“Try your best, be a good person and the rest will sort itself out.”1 This is indeed sound advice, especially coming from a man who rose from humble beginnings to become Singapore’s longest-serving Sikh diplomat. Today, Mr Ajit Singh is Singapore’s Consul-General in Mumbai, with jurisdiction over the Indian states of Maharashtra, Gujarat, Madhya Pradesh, Odisha, Chhattisgarh and Goa.
Born in 1949, Ajit spent all of his childhood and teenage years at the former British Naval Base in Sembawang. His father was a policeman. Like any other military cantonment, Ajit remembers the family’s quarters to be clean and orderly. The government compound comprised accommodation for several hundred Asian workers.
Ajit stated: “Although life was basic and simple, and money was scarce, like so many others in the compound, my family made the best of whatever was available and the experience was fun.”2 During this time, his family moved several times – from a large one-bedroom with a section marked out as ‘kitchen’ to a small two-bedroom flat with a balcony which, for him was a luxury.
The government compound was more of a village and the whole community was closely knit. As a student, Ajit walked to school with his friends from the compound and played games whenever and wherever the opportunities allowed. There was genuine warmth. Like many others, he knew the parents, brothers and sisters of friends and could walk into a friend’s home unannounced. It was normal back then. Those personal bonds of friendship have continued to this day. For him, childhood brings forth many happy memories. Most of those memories revolve around Naval Base School, where he forged some of the most enduring life-long friendships with schoolmates from different races, religious and social backgrounds.
The schooling system did not have the same pressures and stress frequently alluded to by most Singaporeans nowadays. However, Ajit remembers the students being extremely competitive and determined to succeed. There was a spirit of competition in the classroom and school, not to mention the pressure of staying in the same compound as many other students from the same school. Naval Base School produced several students who attained national recognition over the years. In fact, many Sikh boys and girls from the school went on to pursue tertiary education and became doctors, lawyers, teachers and senior professional staff. Ajit was one such individual. He did well in his studies and graduated with a Bachelor of Arts from the University of Singapore in 1971. Twelve years later, Ajit obtained a Master of International Public Policy from Johns Hopkins University in the United States.
In 1974, Ajit joined the Ministry of Foreign Affairs. He has held various posts, including Assistant Director for Malaysia and Brunei, and Deputy Director in the Policy Planning and Analysis Directorate IV (South Asia, Middle East, Africa, Latin America and International Organisation). Ajit served in Singapore missions in Moscow, Washington, Kuala Lumpur, Jakarta, New Delhi, Pekan Baru and Chennai. He also held the post of Deputy High Commissioner in the Singapore High Commission in New Delhi and Consul General of Singapore in Chennai. Ajit also participated in various regional and international meetings. These included various Association of Southeast Asian Nations ministerial meetings, the Non-Aligned Movement Summit in Jakarta in 1991, the Commonwealth Heads of Government Meeting in 1982 and the Indian Ocean Rim Ministerial Meeting in 1997.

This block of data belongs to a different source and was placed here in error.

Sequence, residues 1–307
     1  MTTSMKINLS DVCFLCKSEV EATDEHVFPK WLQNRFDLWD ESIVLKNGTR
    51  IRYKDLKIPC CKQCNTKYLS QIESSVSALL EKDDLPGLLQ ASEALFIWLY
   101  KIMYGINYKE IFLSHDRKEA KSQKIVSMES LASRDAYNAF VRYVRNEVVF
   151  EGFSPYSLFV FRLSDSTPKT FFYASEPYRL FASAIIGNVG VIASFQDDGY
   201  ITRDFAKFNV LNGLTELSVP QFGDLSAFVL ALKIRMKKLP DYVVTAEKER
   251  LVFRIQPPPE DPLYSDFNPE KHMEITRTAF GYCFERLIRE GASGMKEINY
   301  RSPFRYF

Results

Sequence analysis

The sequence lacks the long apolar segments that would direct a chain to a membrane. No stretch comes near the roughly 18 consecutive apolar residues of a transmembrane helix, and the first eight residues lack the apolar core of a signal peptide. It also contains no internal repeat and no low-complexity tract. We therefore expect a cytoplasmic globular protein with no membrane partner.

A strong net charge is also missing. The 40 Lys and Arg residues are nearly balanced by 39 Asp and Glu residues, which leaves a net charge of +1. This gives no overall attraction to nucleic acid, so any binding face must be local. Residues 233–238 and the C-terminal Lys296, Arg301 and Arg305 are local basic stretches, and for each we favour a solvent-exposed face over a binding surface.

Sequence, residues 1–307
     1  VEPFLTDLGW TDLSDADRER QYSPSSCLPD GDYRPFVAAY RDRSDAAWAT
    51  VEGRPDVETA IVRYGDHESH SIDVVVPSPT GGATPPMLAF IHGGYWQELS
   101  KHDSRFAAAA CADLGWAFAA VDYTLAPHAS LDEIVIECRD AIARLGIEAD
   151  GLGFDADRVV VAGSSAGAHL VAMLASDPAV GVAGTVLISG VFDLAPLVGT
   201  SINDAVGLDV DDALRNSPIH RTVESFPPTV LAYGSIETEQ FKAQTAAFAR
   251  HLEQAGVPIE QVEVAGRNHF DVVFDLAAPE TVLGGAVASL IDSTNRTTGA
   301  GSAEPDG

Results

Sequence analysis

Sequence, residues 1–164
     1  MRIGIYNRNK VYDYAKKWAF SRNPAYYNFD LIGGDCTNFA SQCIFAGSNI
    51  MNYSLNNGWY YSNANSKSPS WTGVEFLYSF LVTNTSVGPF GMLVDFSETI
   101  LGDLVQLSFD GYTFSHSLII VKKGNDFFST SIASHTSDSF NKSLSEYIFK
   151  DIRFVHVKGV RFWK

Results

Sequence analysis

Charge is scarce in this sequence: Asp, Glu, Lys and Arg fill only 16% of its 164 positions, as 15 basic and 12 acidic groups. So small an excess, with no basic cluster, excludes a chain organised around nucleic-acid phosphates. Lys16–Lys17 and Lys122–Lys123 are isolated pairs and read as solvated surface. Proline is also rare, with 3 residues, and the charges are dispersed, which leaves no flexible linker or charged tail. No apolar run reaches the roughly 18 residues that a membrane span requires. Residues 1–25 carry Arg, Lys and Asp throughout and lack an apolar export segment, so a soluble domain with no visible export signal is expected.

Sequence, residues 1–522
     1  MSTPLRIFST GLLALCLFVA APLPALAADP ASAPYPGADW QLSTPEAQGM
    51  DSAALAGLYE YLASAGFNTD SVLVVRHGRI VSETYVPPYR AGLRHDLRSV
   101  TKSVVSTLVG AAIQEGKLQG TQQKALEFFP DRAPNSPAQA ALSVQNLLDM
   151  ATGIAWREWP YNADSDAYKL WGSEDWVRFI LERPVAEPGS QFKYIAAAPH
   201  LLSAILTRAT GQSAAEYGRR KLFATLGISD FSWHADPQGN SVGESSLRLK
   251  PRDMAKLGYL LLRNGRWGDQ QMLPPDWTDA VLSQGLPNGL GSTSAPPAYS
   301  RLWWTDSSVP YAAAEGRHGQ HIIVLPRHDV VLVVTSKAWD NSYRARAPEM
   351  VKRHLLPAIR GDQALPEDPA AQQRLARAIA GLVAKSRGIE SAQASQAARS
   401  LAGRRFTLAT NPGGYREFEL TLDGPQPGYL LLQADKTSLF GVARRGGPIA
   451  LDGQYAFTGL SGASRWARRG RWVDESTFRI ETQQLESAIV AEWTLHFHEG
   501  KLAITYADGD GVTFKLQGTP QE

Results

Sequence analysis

Ajit stated: “I have been fortunate to serve my career as a diplomat and representative of Singapore. Living away from Singapore for so many years does lead to fresh perspectives.”3
The regular postings also meant having to uproot his family every few years and starting all over again in a new country or city and a new environment. His wife and three children probably felt it far more than he did since his posting did have an impact on his children’s education. However, he accepts such disruptions in the life of a diplomat and in the service of the nation.
In the last four decades in Singapore’s foreign service, Ajit has played an important role in promoting Singapore’s political and economic interests abroad. He expressed particular delight and contentment that his work has led to many other governments, business and community officials developing positive attitudes towards, and building stronger relationships with Singapore.
The role and life of a diplomat is no stroll in the park – it is in fact quite far from it. However, Ajit’s work ethics have played a key role in ensuring that he has succeeded in whatever he has set out to do. During his student days, and in his professional career as a diplomat, Ajit has adopted the mantra of doing his best and never giving up. He sees setbacks as challenges and as opportunities to make a comeback. He has revolved his life around patience and humility in order to remain grounded in his lifestyle and interactions with friends. He also places significant stress on the importance of family values and orientation and believes that our daily lives must be based on strong personal values and principles. In this regard, he sees his faith in Sikhism as a pillar of strength. He is able to turn to this pillar of strength in times of need.